I don't remember much before the age of 5 years old.
Maybe just a flash of something.
Raggedy Ann... and Martin Ave.
I think the longest one is standing on the end of a dock watching dad in his scuba gear paddle out into the Atlantic Ocean.
He would swim what seemed like miles away, then stop, turn and wave goodbye before disappearing under the waves.
The clearest is "catching" dad as he was heading toward the breezeway door of our home. I called out asking where he was going. Wearing a long business style raincoat and with a briefcase, or very possibly a suitcase, in hand he turned to tell me that he was leaving and not coming back.
It was my fault. I did something wrong. So, why he didn't just give me another chance?
Both my parents were born in New York.
Mom said that most of Dad's youth was spent in boarding school.
"Mad Margaret", as I heard her so fondly referred to as, was according to Mom, an eccentric, overbearing, palm reading socialite that was into Real Estate and Wall Street.
She grew up on a Dairy farm in Upstate New York and described it as a wonderful childhood but incredibly lonely.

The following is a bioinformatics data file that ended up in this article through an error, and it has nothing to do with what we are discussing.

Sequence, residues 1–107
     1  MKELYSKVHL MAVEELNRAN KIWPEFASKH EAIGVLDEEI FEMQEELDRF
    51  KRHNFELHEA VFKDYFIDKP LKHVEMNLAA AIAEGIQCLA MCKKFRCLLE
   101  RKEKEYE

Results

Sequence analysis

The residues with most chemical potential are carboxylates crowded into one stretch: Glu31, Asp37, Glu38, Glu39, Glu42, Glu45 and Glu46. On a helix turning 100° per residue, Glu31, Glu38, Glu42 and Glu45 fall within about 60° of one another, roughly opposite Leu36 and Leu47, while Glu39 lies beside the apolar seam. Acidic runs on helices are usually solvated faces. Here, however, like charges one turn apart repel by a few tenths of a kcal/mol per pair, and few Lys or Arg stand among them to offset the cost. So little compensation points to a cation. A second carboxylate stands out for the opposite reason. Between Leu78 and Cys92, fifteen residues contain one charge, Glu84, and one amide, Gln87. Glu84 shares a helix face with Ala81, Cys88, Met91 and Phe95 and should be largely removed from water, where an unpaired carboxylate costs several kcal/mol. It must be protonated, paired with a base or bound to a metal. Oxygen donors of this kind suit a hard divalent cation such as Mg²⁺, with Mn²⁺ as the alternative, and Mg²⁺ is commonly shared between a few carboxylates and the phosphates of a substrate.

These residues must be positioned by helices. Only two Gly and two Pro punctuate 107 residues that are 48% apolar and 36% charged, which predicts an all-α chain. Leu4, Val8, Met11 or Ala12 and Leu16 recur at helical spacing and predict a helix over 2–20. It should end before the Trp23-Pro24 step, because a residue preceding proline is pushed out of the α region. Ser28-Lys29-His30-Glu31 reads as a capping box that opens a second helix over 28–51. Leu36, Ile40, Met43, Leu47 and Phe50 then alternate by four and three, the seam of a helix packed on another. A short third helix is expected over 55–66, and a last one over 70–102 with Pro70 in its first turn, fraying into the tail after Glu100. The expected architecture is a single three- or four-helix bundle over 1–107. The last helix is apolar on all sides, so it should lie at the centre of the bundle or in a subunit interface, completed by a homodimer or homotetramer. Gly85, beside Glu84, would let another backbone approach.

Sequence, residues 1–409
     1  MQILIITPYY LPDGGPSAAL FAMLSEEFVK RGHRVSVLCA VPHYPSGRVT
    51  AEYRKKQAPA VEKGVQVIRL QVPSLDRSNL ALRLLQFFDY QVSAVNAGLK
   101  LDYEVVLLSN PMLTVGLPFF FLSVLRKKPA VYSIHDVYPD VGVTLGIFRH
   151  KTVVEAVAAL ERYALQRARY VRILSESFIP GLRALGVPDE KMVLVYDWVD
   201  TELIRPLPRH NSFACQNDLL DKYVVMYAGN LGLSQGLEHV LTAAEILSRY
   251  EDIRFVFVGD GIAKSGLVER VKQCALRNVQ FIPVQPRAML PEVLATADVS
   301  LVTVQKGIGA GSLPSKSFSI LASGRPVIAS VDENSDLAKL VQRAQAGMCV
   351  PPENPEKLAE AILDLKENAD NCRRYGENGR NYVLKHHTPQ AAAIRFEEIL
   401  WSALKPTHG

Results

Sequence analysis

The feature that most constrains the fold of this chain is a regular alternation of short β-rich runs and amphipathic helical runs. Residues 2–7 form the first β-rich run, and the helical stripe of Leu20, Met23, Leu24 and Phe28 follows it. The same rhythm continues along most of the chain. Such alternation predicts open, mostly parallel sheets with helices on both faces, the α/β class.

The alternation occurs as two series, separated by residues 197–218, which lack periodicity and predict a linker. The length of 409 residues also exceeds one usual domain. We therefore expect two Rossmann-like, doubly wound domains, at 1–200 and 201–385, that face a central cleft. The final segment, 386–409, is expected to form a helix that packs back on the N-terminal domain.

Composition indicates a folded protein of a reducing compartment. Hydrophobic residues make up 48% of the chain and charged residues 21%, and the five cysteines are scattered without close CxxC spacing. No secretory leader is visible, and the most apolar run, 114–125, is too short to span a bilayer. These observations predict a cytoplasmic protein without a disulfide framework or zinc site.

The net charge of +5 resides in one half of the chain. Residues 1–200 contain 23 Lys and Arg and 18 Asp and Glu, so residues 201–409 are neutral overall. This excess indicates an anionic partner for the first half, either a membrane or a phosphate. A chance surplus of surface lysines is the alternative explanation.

She had two older brothers but they were pretty much grown and on their way to gone when she surprised them all.
Basically, she was an "only child".
She attended a one-room schoolhouse on the hill directly behind their cobblestone farmhouse with books and education being the focus of life.
She adored her Dad and recalled her Mom, who Grampa met in Chicago (?) as "just not happy". She described Gramma as a great mother but depressed and distant.
Story has it: when Grampa asked Gramma, who was a city-girl to marry- she made him promise that if she accepted he wouldn't take her to live on a farm.
He bought a farm.
Grampa's mother lived with them for a bit and Mom really loved her.
Apart from hard work,
the family enjoyed travel and board games together, with Scrabble being the favorite.
testimony by: Hallie Agar